Astronomers discover new planet, larger and more distant than Pluto

By Patrick Martin
2 August 2005

Three US astronomers announced July 29 that they had identified a new planet, significantly larger than Pluto, and orbiting the sun as far as 9 billion miles out, about three times the orbital radius of the ninth planet. The three scientists, Michael Brown of Caltech, David Rabinowitz of Yale and Chad Trujillo of the Gemini Observatory in Hawaii, used the 48-inch Palomar Observatory telescope in southern California.

The new planet was first catalogued in a photographic survey by the three astronomers in 2003, when it was given the temporary designation 2003 UB313. At the time, however, it had not yet been identified as a planet, but when the team located it a second time on January 8, 2005, they were able to determine that it was a distant object within the solar system, rather than a star.

The new planet, to be named Xena, has an estimated diameter of 1,700 miles, about 20 percent greater than Pluto. Like Pluto, it consists of rock and ice and is part of the Kuiper belt, an array of similar objects that forms the outer shell of the solar system. It takes about 560 Earth years to make one full revolution around the sun.

Solar system astronomers first identified the Kuiper belt in 1992. They now estimate that as many as 70,000 bodies comprised of rock and ice are circling the sun outside the orbit of Neptune. There is great interest in this region because it is believed to represent the remnants of the original material from which the solar system was consolidated, and its study should shed light on the process of formation of the major planets.

There was an initial flurry of media commentary about whether or not Xena could rightfully be considered the tenth planet, a distinction which is somewhat arbitrary. Thousands of asteroids circle the sun in the space between the orbits of Mars and Jupiter. These are not considered planets because of their size—they are all smaller than Mercury and Pluto, the two smallest of the established nine planets. The moon and several of the satellites of Jupiter and Saturn are larger than Pluto or Xena, but they do not orbit the Sun independently and are therefore classified as moons rather than planets.

Whatever name is given to it, Xena will become an object of intense study by astronomers. Its surface temperature is only a few degrees above absolute zero, but it may well have an internal heat source to account for its brightness, as well as an atmosphere.

Six planets—Mercury, Venus, Earth, Mars, Jupiter and Saturn—have been known since the dawn of history. That number expanded by three over the course of a century and a half: Uranus, the seventh planet, was discovered by William Herschel in 1786; Neptune by Johan Galle in 1846; and Pluto by Clyde Tombaugh in 1930. Xena makes ten, and there may well be other objects as large or even larger in the Kuiper belt, so the official roster of the solar system could well expand.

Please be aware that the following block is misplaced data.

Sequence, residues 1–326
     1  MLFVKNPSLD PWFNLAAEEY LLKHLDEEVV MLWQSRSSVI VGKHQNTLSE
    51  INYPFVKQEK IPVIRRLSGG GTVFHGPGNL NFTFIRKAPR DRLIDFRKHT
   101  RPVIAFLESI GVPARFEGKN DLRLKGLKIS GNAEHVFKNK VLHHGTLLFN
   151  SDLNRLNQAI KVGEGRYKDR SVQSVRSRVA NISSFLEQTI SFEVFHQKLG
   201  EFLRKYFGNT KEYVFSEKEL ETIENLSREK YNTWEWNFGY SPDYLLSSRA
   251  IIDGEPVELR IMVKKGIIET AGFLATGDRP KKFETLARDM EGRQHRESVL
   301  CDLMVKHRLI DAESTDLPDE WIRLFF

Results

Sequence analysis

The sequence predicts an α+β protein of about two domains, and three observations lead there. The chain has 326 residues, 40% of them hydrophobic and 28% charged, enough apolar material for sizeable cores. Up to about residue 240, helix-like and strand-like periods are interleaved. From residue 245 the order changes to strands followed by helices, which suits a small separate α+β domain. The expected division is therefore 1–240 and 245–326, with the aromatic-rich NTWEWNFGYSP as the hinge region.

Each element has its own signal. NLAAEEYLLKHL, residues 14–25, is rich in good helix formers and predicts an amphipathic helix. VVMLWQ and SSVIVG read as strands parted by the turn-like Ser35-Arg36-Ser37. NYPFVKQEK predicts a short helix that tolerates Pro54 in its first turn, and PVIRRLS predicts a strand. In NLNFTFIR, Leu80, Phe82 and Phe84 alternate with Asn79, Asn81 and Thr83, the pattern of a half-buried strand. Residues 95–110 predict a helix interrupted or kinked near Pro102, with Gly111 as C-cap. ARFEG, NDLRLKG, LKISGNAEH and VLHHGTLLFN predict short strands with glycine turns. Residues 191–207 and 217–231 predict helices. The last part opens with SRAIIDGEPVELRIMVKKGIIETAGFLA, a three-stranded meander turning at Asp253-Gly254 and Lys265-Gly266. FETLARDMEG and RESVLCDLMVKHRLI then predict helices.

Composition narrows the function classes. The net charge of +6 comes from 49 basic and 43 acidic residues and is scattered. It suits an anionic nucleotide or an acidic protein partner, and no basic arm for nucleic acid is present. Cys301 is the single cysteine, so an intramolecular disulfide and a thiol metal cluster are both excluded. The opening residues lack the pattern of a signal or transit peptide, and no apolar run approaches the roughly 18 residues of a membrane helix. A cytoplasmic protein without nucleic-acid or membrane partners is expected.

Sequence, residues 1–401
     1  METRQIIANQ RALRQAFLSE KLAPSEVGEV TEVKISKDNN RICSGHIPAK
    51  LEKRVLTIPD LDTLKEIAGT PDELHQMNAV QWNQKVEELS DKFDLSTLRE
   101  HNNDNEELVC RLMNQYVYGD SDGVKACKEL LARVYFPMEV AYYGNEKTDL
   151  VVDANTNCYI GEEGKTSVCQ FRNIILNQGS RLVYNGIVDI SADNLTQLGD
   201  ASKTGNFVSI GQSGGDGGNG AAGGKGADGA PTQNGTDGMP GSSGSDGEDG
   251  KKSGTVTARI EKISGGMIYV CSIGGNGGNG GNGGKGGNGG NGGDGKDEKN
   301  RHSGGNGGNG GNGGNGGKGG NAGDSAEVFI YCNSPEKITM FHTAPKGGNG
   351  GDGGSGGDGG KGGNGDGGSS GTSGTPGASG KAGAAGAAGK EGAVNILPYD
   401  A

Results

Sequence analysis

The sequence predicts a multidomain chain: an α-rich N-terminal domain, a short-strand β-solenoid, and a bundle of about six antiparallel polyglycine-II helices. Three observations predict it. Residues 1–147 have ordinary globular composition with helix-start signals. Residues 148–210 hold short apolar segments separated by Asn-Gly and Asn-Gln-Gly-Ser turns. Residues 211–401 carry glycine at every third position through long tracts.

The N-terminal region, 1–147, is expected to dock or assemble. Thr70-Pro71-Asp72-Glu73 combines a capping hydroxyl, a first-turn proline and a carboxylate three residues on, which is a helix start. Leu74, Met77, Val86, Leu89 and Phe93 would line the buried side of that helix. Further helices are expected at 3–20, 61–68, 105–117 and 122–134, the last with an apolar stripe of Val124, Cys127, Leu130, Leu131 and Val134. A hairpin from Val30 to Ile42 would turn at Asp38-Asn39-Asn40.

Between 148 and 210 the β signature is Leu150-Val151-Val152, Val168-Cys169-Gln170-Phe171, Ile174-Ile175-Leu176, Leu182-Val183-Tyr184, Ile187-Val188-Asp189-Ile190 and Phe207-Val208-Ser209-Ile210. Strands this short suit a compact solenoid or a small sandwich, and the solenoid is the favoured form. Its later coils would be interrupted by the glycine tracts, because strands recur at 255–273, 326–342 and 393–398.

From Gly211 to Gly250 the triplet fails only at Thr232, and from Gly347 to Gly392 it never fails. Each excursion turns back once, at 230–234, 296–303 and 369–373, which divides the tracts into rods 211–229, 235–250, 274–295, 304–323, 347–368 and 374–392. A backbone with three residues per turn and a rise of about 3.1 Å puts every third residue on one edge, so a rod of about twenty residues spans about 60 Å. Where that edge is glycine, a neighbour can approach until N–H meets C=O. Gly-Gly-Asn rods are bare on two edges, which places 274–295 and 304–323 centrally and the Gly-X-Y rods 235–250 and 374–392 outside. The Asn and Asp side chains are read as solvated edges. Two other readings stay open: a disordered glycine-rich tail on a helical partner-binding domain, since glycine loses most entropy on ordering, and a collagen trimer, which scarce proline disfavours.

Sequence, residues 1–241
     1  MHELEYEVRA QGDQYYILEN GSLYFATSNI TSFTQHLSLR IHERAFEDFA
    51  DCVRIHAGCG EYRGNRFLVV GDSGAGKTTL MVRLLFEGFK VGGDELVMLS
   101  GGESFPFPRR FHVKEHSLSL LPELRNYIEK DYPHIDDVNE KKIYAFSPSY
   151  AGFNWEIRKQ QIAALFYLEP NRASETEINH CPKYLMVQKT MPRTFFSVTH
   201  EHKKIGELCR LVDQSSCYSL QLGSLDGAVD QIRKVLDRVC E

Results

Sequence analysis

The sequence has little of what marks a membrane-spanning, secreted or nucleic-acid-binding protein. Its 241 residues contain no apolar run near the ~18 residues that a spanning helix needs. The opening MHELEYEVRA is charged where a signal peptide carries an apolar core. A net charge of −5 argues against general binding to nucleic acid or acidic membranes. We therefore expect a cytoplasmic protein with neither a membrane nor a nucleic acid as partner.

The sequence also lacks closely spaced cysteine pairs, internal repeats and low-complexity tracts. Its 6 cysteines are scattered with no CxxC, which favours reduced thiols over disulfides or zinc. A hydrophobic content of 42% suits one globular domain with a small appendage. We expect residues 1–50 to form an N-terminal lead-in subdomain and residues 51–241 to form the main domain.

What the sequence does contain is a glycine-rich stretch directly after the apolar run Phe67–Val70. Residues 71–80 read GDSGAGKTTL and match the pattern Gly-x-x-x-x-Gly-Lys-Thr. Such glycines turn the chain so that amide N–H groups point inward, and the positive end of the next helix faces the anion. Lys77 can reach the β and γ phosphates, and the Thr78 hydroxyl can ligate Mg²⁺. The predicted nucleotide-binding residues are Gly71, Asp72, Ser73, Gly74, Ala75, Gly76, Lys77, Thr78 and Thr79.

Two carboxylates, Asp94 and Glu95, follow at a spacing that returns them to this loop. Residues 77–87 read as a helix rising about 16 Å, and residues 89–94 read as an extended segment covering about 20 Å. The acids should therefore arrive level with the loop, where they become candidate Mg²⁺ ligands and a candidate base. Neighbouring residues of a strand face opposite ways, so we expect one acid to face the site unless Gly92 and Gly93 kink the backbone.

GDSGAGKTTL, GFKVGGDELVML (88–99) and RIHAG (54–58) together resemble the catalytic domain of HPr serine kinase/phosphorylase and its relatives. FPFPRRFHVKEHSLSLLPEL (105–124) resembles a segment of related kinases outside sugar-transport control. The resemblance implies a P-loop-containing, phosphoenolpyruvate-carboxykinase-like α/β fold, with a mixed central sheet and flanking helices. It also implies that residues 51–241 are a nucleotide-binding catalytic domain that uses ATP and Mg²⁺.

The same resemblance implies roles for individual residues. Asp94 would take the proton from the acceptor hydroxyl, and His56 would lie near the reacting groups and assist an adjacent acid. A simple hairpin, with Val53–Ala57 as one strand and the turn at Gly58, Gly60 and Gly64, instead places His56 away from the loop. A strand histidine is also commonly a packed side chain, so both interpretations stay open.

Last year the same three astronomers discovered another Pluto-like object, which they named Sedna, in a very peculiar orbit some 10,500 years long, taking it as far as 84 billion miles from the Sun. (The nearest star to the Sun, Proxima Centauri, is about 25 trillion miles away, about 300 times as far as Sedna’s furthest distance from the Sun). Sedna is slightly smaller than Pluto, with a diameter estimated at 1,250 miles. Its orbit is so eccentric, however, that the discoverers suggested it should be considered a wandering asteroid rather than a true planet.

Brown, Rabinowitz and Trujillo recently identified the second-brightest object in the Kuiper belt, but were holding the announcement until a scientific conference next month. A team of Spanish astronomers from the Institute of Astrophysics in Andalusia reported the same discovery on July 29, the day that Xena’s existence was announced.

Comets are thought to be Kuiper belt objects that have been displaced and fall toward the Sun in highly elliptical paths that cause them to cross the orbits of the inner planets, including Earth. Last month NASA conducted the first successful “exploration” of a comet, when its Deep Impact collider smashed into the comet Temple 1, producing a spectacular geyser of rock and ice that was studied at close range by the Deep Impact mother ship.

Xena’s orbit is highly eccentric, crossing the ecliptic, the plane in which the other nine planets orbit, at an angle of 45 degrees. Dr. Brown explained that this sharp angle explains why the planet, easily visible in a telescope, took so long to be discovered. No one had bothered to look for such an object so far out of ecliptic.

The planet’s orbit is also lopsided: currently at its furthest distance from the Sun (aphelion) at 9 billion miles, it will be as close as the orbit of Neptune, about 3.3 billion miles, at closest approach (perihelion). The last time Xena was that close to the Sun, however, in the 1720s, Neptune itself had not yet been discovered.

Neptune was the first to be detected as the result of an astronomical calculation rather than accidental observation. The physicists John Couch Adams and Urbain Jean Joseph Leverrier, British and French respectively, independently predicted the location of an eighth planet based on intricate mathematical calculations to explain slight variations in the orbit of Uranus, the seventh planet. Leverrier contacted Johan Galle, a German astronomer, and his colleague Heinrich Louis d’Arrest, and told them where to look. They discovered the planet on the night of September 23, 1846, within one degree of the predicted location.

Xena is the largest object in the solar system to be discovered since that day, nearly 159 years ago.